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Using Advanced Functions to Maintain the State of Applications with PHP Sessions

Here we are again. This is part two of the series “Maintaining the state of applications with PHP sessions." In three parts, this series ranges from the basics of session management in PHP, such as creating, registering session data, and destroying sessions, to exploring advanced concepts, like working with different session storage modules and creating custom session handling objects.

TABLE OF CONTENTS:
  1. Using Advanced Functions to Maintain the State of Applications with PHP Sessions
  2. Tweaking the PHP session storage module: using the “session_set_save_handler ()” function
  3. Going deeper into PHP session management: creating a MySQL-based session storage module
  4. Getting the MySQL-based session module complete: listing MySQL processing classes
By: Alejandro Gervasio
Rating: starstarstarstarstar / 12
May 03, 2006

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Introduction

Before I dive into the subject of this second tutorial, I’ll go quickly over the topics that I explained in the first article, so it will be easier for you to understand some of the advanced PHP session features that I plan to discuss in the next few lines. As you’ll certainly recall, I started this series explaining the basic features of the PHP session management module, and showed some illustrative examples of how to create PHP sessions and store session data. In addition, I explained how to manipulate session identifiers and retrieve and manage some of the most common session-related settings included within the corresponding php.ini configuration file.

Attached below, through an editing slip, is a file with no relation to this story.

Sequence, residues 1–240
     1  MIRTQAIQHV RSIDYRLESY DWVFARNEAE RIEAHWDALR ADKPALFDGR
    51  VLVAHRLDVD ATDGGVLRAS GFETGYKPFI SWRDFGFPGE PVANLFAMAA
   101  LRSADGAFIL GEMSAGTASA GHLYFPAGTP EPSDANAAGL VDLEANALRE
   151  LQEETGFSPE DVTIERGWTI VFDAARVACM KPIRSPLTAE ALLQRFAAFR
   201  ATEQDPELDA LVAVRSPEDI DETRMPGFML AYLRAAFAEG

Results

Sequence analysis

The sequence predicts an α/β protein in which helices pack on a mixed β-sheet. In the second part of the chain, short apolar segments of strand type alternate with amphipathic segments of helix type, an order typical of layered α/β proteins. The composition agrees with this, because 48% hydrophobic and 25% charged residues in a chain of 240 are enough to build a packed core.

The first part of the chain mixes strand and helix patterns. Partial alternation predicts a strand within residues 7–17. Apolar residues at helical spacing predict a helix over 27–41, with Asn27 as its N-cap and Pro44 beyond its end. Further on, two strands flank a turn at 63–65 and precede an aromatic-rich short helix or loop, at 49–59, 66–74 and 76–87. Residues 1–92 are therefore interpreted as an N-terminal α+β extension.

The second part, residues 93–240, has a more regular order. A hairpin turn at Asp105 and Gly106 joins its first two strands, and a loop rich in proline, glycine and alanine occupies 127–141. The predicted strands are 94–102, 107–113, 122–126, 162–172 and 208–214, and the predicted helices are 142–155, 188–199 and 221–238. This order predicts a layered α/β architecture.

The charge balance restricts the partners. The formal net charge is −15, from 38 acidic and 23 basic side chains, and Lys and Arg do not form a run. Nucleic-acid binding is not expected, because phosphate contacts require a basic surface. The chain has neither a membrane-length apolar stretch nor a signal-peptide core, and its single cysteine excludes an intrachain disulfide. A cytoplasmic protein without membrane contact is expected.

Based on the features that you saw previously, getting started using the basics of PHP sessions is really a straightforward process, which before long can help you in the development of simple session-based scripts with minor hassles. Moreover, if you’re a PHP developer with an intermediate grounding in PHP sessions, then probably you’ve already used some of the advanced features included in the corresponding session management module.

On the other hand, if you’re still not that familiar with the set of advanced session functions exposed by PHP, in this article I’ll take a look at them, in order to demonstrate with several code samples how to use them and how to take advantage of their many capabilities. Hopefully, when you finish reading this article, you should have a decent understanding of how to include advanced session handling routines within your own PHP-driven applications.

After defining the guidelines for this tutorial, it’s time to go ahead and explore some of most interesting PHP session-related functions. Let’s get started.



 
 
>>> More PHP Articles          >>> More By Alejandro Gervasio
 

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